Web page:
The present invention will be best understood by reference to the accompanying drawings. With reference to FIG. 1, there is shown a side cross-sectional view of a portion of the connector 1 in accordance with the present invention. As can be seen, an array of metal columns 2 are shown imbedded in a layer 3 of insulating material. In the preferred embodiment the metal columns are made of nickel and the insulating material is made of polyimide. It is clear that any of a variety of metals and insulating materials may be used for this purpose.
With reference to FIG. 2, there is shown an enlarged segment of the cross-sectional portion shown in FIG. 1. It should be understood that the drawings are not to scale. In a typical configuration, columns 2 would be around 75 microns high and 25 microns in diameter at the top surface of layer 3. Layer 3 would typically be around 50 microns thick and columns 2 would extend 20 to 25 microns above the layer and 3 to 5 microns below the layer.
Although columns 2 are shown in FIGS. 1 and 2 with a slight outward taper running to the top surface of layer 3, the walls do not necessarily need to taper. In this regard, the shape of the walls is not critical and vertical side walls would work as well and could be made using laser processing.
The top sectional view of FIG. 3 shows the manner in which the high density Z axis connector positions over a typical array of solder balls 5, shown in broken lines. Typically, the balls would be 5 mils in diameter. With columns 2 spaced around 50 microns on center in both the X and Y direction and solder balls 5 spaced 8 mils on center in both the X and Y direction, it can be seen that as many as four columns make contact with each of the solder balls in the array.
FIG. 4 depicts one way the electrical connector or interposer of the present invention may be used as a connection device or probe system. Used as a probe system, the connector is interposed between a wafer and test substrate. The array of solder balls 5 on wafer 7 make contact with the nickel columns 2. Typically, four to six columns make contact with each solder ball but the density of the column array described above insures that at least two columns make contact with each solder ball and it has been found that, in practice, up to twelve nickel columns will contact each solder ball. It has also been found that the average number of contacts over a series of tests was five nickel columns making contact per solder ball. Similarly, test substrate 11, with its array of solder balls 9, makes contact with nickel columns 2, with the number of column nickel contacts per solder ball being in the same range as discussed with respect to the solder ball contacts of solder balls 5 on wafer 7.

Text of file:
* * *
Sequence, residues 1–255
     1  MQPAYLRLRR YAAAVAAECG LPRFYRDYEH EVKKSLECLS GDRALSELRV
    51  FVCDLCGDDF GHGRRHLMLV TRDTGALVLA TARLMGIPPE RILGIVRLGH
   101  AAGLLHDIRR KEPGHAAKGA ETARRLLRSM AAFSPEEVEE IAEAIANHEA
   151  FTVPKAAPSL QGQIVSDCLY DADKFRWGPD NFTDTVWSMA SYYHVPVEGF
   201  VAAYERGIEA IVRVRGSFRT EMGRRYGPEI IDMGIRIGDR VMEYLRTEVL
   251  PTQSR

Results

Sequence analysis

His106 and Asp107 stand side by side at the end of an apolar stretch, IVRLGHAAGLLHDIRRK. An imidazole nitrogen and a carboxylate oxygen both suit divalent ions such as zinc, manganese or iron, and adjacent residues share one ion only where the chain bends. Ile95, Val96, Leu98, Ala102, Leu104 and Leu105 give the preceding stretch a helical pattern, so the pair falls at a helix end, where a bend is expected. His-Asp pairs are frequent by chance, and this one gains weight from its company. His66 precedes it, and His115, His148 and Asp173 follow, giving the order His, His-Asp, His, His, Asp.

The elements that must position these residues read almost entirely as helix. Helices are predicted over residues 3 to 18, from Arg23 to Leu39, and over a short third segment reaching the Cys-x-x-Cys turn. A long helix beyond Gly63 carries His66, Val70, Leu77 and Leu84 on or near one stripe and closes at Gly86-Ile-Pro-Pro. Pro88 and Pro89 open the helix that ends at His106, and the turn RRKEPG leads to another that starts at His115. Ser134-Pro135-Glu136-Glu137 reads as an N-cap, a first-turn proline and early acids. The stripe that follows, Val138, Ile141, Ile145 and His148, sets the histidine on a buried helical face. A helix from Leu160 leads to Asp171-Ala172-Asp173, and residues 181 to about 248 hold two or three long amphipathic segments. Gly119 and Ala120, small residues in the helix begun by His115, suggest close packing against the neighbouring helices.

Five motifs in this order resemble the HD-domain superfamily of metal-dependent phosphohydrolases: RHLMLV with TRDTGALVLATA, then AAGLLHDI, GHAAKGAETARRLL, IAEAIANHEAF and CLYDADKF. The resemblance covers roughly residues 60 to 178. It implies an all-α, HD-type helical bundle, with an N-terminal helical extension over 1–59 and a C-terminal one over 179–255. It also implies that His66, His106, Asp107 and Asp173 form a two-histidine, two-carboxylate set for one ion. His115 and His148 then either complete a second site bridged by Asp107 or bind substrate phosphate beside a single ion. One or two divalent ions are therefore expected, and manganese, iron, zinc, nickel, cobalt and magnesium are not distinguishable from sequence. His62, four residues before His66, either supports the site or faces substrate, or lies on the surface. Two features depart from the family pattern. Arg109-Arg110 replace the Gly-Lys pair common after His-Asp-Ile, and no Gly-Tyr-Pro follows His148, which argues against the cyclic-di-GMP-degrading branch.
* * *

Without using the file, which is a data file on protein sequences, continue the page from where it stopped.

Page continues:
One of the key advantages of the size and density of spacing of the array of columns, as positioned in the layer of insulation, resides in the fact that the electrical contacts of the devices to be connected, whether they be solder balls or metal pads, do not have to be aligned. In this regard, the connector may be generally positioned over the solder balls or metal pads and there will always be a sufficient number of nickel columns aligned between the contacts to be connected to make good conductive contact.
It has been found that in contact testing with solder balls, that with an average loading per solder ball of around 20 grams, each nickel column makes an indentation into the solder ball of several microns (e.g. 6 to 8) similar to the indentations on a golf ball. However, with an average loading per solder ball of 50 grams, the exposed 25 microns of each nickel column completely penetrates the solder balls thus forming a temporary plug arrangement. This could have various applications, such as, a temporary chip attach method or pinless connector arrangement.
Contact testing with sufficient loading so as to penetrate the solder balls to the extent of the exposed nickel column protrusion, as described above, plus the normal collapse of the solder balls under load gives the required Z axis compliance necessary for the probe system to effectively test in full wafer contact applications. Of course, normal reflow steps are undertaken after testing to reform the solder balls.
With reference to FIG. 5, there is shown a further application of the connector as a probe system for testing. In FIG. 5, wafer 13 exhibits an array of pads 15 for contact points, instead of solder balls. The pads 15 may be made, for example, of gold. Under normal loading, as described above, solder balls 9 provide sufficient force to columns 2 to permit the columns to maintain good electrical contact to the underlying pads 15. As another alternative, solder balls 9 in FIG. 4 could be replaced with contact pads similar to that shown in FIG. 5 at points 15. In this latter arrangement, solder balls 5 on wafer 7 would, under load, provide sufficient force to columns 2 to cause them to make good electrical contact to the pads, similarly as described with respect to FIG. 5. The advantage of this latter scheme is that it would allow multiple uses of substrate 11 for testing without the need to reflow solder balls to their initials spherical shape after each test.
The feature dimensions of the high density Z axis connector of the present invention can best be achieved using conventional lithographic processing steps. To achieve 25 micron diameter holes on 50 micron centers in both the X and Y direction in a 50 micron thick free standing layer of insulating material, lithographic processing necessarily begins with the layer attached to a flat, rigid substrate to ensure good feature resolution. With reference to FIG. 7, the first step in the process is to prepare the carrier substrate. Substrate 17 in FIG. 6 a is first plasma cleaned and coated with a thin layer of polyimide 19, one to four microns thick. This layer is used as a sacrificial release layer to facilitate removal of the finished layer of insulating material from the substrate after fabrication.